The Fair Play Alliance, of course, is a great example in the game industry of companies working together on multiple topics. We’re interested in enabling positive player interactions and reducing, mitigating negative behavior, disruptive behavior. There are all sorts of disruptive behavior, and we have all sorts of members in the Fair Play Alliance. A lot of those members are games that cater to children. It’s a lot of people with lots of experience in this area who can share best practices related to child protection.

Above: Carlos Figueiredo speaks at Rovio Con.

GamesBeat: How much of this is a technology problem? How do you try to frame it for people in that context?

Figueiredo: In terms of technology, if we’re talking about images–for a lot of gaming companies it could be images on their forums, for example, or perhaps they have image sharing even in the game, if they have avatar pictures or things like that. The challenge of images is critical, because the volume of child abuse imagery online is unbelievable.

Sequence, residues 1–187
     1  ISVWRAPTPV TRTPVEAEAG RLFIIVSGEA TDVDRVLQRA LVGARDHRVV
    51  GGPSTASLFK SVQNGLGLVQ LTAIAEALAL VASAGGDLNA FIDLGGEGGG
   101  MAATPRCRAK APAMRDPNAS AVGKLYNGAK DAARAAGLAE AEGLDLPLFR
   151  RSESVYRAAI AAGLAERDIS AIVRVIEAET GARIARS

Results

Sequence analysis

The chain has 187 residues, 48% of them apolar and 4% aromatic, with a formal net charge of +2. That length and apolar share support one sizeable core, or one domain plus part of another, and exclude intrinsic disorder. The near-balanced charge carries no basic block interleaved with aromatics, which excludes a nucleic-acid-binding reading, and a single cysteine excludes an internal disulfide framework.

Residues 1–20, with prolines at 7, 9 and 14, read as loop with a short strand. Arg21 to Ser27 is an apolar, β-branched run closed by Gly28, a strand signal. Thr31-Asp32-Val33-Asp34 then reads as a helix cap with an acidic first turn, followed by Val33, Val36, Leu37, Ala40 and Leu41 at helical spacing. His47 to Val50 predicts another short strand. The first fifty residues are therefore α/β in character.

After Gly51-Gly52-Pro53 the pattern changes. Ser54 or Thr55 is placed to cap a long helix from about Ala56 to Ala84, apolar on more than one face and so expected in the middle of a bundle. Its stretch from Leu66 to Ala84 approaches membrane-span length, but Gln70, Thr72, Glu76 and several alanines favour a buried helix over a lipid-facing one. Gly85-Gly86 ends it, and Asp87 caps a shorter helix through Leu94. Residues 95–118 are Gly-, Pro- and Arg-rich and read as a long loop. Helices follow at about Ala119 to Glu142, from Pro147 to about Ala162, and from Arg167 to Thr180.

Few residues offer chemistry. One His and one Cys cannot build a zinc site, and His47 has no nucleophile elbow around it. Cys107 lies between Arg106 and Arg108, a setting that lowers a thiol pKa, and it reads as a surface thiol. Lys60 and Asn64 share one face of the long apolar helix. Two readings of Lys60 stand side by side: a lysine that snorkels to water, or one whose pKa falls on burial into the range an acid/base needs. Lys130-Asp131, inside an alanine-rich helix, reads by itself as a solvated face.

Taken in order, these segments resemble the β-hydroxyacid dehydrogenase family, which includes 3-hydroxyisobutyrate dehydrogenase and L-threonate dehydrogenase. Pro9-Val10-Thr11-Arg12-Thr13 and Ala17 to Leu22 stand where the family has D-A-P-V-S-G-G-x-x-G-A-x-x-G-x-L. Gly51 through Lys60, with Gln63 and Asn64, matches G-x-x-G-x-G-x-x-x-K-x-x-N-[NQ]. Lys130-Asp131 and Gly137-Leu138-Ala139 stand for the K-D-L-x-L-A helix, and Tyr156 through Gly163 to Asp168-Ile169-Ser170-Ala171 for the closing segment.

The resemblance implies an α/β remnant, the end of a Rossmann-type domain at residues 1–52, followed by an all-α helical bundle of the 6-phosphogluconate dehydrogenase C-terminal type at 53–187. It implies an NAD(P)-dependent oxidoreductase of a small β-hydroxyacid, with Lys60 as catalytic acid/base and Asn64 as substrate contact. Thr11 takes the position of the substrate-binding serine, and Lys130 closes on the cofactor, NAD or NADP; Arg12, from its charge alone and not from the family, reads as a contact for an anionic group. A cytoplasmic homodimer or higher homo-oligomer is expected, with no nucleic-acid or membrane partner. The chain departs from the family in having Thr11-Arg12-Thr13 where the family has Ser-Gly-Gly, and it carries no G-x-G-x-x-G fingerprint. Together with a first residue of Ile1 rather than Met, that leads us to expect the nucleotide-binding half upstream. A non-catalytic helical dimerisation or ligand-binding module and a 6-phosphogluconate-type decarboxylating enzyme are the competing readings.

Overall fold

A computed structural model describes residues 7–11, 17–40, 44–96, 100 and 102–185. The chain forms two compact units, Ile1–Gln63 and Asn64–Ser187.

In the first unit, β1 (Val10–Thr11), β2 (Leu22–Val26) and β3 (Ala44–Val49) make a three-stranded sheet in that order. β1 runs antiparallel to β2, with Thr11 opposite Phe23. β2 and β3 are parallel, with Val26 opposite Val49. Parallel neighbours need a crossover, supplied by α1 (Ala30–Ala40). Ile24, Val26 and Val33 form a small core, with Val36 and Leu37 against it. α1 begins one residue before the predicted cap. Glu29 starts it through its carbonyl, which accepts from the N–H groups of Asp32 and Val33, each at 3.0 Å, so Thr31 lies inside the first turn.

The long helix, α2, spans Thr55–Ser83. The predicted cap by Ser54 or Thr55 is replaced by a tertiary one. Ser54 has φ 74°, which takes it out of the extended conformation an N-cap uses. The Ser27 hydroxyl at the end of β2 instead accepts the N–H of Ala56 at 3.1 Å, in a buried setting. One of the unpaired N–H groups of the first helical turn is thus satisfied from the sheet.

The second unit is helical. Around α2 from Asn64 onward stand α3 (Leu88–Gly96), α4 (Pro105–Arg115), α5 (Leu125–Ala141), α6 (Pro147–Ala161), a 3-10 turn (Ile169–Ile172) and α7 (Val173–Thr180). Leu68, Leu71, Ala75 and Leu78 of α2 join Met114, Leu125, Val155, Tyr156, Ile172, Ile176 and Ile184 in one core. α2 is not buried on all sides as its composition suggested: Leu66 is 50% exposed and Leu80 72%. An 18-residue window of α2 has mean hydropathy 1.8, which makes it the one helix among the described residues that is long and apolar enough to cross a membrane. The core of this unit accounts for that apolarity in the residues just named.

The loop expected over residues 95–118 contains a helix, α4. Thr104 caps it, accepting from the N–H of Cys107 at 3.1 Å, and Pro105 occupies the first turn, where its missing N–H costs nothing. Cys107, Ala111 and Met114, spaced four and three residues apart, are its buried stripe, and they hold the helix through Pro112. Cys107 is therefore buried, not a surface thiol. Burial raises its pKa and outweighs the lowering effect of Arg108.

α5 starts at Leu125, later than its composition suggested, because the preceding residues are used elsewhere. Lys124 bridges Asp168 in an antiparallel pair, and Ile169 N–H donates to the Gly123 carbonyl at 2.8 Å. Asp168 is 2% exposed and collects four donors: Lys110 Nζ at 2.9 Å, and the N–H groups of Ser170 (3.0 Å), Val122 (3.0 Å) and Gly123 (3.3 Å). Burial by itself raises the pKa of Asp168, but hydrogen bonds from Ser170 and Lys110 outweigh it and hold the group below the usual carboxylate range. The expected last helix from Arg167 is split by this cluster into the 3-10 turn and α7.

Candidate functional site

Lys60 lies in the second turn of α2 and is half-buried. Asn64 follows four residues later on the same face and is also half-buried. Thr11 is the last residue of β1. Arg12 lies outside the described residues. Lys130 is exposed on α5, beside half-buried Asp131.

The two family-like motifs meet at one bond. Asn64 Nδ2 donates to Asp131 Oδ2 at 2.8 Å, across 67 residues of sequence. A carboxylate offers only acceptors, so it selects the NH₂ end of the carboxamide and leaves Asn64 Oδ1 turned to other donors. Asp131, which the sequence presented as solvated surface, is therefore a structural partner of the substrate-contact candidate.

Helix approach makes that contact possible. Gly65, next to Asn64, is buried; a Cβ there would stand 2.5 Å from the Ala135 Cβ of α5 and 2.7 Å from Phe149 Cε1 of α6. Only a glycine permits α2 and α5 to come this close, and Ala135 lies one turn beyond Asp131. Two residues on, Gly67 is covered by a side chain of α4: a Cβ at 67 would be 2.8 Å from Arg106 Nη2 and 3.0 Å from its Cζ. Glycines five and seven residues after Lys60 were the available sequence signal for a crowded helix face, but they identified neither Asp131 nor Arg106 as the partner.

The biggest challenge is how to identify new images as they’re being created. There’s already Photo DNA from Microsoft, which creates those digital IDs, hashes for images that are known images of child abuse. Let’s say we have a game and we’re using Photo DNA. As soon as somebody starts to upload a known image as their avatar or to share in a forum, we’re able to identify that it’s a known hash. We can block the image and report to law enforcement. But the challenge is how to identify new images that haven’t been catalogued yet. You can imagine the burden on a gaming company. The team is exposed to this sort of material, so there’s the point of wellness and resilience for the team.

That’s a technology problem, because to identify those images at scale is very difficult. You can’t rely on humans alone, because that’s not scalable. The well-being of humans is just shattered when you have to review those images day in and day out. That’s when you need technology like what Two Hat has with our product called Cease, which is machine learning for identifying new child abuse imagery. That’s the technology challenge.